Germany sees almost 1,000 anti-Muslim crimes in 2017

Germany's Interior Ministry says that at least 950 hate crimes were committed against Muslims or mosques in the country in 2017, a newspaper has reported. Thirty-three people were injured in attacks.

Anti-Muslim crimes, including physical assault, threatening letters, hate speech and spraying Nazi-themed graffiti on mosques, were rife in Germany in 2017, a newspaper reported on Saturday, citing statistics from the Interior Ministry.

The Neue Osnabrücker Zeitung newspaper said the ministry had recorded at least 950 such offenses, most of them carried out by right-wing extremists, with 33 people hurt in attacks.

Some 60 attacks and acts of desecration were committed against mosques and other Islamic institutions, the paper said. In some cases, pig's blood was smeared on buildings or Nazi symbols were sprayed on walls.

Read moreMuslims 'integrate' well into Germany — but aren't accepted 

Anti-Islam demonstrations

Around 90 demonstrations against the alleged "Islamization" of Germany were also included in the figures, which were provided to the Bundestag in response to a request by the Left Party. That number does not include marches by the anti-immigration group PEGIDA.

The number of offenses tailed off  toward the end of the year, with 167 crimes reported in the last quarter compared with 288 in the third.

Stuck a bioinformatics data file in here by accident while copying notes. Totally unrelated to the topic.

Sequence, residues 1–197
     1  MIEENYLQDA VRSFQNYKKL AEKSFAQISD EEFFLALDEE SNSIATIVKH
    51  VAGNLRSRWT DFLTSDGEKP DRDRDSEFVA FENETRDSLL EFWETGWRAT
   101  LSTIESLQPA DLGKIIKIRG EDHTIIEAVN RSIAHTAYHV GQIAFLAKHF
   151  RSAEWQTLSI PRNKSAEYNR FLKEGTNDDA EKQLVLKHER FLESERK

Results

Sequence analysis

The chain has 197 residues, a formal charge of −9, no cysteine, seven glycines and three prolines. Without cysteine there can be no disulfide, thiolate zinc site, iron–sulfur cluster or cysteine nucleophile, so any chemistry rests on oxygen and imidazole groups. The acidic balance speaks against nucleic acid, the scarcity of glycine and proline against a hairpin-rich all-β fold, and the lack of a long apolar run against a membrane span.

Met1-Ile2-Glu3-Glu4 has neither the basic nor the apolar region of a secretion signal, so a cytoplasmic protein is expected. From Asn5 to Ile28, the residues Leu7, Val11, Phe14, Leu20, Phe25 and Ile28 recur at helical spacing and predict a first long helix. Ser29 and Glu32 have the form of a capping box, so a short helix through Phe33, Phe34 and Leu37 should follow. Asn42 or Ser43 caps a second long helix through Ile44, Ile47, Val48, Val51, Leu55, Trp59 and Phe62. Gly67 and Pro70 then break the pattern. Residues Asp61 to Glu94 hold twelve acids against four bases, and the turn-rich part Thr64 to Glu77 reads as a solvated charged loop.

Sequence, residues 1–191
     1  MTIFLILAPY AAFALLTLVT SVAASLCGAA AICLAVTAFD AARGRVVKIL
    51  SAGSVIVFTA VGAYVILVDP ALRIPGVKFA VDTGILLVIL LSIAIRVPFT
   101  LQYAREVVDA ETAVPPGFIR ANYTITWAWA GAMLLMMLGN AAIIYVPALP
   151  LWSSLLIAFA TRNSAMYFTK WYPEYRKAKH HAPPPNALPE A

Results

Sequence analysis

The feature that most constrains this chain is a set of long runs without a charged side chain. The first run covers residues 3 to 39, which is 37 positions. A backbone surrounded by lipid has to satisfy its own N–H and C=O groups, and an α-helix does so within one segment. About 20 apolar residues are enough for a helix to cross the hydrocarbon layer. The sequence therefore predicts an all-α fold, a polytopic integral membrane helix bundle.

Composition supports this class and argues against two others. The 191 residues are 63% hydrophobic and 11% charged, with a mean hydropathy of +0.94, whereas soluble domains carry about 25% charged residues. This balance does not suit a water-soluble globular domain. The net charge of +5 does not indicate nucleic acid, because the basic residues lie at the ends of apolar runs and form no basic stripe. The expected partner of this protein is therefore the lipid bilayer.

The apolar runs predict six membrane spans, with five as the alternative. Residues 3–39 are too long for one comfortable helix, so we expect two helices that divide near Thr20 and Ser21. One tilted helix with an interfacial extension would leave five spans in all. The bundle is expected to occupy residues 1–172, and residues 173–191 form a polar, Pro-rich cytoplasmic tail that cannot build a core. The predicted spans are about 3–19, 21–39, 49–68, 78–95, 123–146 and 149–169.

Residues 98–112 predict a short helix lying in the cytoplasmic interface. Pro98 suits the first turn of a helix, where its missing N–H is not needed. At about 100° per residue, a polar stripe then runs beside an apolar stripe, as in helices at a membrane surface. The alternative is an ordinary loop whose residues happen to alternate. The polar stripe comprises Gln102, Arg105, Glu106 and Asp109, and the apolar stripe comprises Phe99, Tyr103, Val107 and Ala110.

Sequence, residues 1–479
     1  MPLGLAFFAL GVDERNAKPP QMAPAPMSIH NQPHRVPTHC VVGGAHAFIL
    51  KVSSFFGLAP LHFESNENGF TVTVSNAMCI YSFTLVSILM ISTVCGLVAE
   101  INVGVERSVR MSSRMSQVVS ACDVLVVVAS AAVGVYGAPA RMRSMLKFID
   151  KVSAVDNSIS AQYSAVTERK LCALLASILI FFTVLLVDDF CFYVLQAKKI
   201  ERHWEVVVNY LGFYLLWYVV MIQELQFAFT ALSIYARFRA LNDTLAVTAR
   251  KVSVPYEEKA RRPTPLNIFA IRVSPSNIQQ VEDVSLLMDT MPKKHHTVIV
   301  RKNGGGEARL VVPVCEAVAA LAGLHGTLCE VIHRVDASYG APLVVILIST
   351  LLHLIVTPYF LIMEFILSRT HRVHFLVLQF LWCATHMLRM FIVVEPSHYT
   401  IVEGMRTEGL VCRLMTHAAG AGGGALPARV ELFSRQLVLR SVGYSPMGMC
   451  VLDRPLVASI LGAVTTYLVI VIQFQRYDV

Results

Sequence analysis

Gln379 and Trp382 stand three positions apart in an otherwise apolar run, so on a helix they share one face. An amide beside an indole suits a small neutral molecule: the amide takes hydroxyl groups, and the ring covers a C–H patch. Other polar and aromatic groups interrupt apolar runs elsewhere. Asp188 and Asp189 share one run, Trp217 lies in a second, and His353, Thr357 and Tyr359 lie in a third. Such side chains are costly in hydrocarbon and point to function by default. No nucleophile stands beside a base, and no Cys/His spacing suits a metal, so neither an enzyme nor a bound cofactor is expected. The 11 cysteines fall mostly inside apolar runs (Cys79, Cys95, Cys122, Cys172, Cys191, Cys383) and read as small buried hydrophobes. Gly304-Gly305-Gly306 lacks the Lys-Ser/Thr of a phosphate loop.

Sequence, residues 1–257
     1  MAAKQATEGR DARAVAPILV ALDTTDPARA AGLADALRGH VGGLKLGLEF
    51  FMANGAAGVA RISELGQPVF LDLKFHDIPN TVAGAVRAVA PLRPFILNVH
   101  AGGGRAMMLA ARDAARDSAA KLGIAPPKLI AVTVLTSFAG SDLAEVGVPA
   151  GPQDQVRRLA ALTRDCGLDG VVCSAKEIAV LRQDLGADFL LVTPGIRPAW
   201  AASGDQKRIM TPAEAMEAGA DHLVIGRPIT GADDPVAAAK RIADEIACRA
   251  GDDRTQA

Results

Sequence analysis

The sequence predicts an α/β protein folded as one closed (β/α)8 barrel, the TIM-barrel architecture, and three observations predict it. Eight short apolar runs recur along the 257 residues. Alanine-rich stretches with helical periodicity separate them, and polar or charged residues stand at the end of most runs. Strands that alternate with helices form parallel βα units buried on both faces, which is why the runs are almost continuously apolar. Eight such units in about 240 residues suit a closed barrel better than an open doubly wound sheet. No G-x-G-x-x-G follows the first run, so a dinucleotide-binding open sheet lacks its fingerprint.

No comparison could be made with the previous year, as German authorities did not start specifically recording anti-Islam crimes until the start of 2017.

Read moreIslam in Germany: Muslims prefer to be talked to rather than talked about 

This mosque in Dresden was attacked with explosives

'Poisoning the social climate'

The chair of the Central Council of Muslims in Germany, Aiman Mazyek, told the newspaper that he was sure that the number of crimes was higher, saying there was not yet enough awareness on the part of police and prosecutors regarding anti-Muslim offenses.

The Left Party's expert for internal affairs, Ulla Jelpke, welcomed the recent reduction in the anti-Muslim crime rate, but said there was no reason to be complacent. She also warned that "Islam haters" had made it into the German parliament, in a reference to the anti-immigration Alternative for Germany (AfD) party, which currently holds 92 seats in the 709-seat assembly.

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"The haters of Islam have now made the jump from the streets into the Bundestag and contribute to poisoning the social climate with regard to Muslim life in Germany from the parliamentary tribune," she said.

Read moreIs Islam changing Germany?

Open house at Germany's mosques

German mosques - German unity

The "Day of Open Mosques" has taken place since 1997 on the Day of German Unity – Germany's national holiday. The date was deliberately chosen to express Muslims' connection to the German people and how they consider themselves part of German Unity, the Central Council of Muslims explains. About 100,000 visitors are expected – here, some are seen standing in front of Berlin's Sehitlik Mosque.

Open house at Germany's mosques

Mosques for all